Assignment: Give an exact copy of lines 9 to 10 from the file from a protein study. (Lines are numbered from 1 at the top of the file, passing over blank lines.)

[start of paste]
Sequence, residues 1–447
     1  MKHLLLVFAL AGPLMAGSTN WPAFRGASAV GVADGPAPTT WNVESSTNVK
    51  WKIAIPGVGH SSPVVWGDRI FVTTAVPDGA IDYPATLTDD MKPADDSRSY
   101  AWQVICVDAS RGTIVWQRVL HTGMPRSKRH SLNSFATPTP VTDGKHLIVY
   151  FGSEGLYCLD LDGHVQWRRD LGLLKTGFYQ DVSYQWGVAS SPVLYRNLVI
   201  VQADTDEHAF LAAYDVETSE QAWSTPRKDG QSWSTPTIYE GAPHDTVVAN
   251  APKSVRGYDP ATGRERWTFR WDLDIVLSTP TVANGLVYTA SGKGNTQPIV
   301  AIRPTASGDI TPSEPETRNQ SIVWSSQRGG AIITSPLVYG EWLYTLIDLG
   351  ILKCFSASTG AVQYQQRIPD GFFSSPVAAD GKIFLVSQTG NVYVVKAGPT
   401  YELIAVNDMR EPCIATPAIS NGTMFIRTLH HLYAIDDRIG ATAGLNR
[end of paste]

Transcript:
   351  ILKCFSASTG AVQYQQRIPD GFFSSPVAAD GKIFLVSQTG NVYVVKAGPT
   401  YELIAVNDMR EPCIATPAIS NGTMFIRTLH HLYAIDDRIG ATAGLNR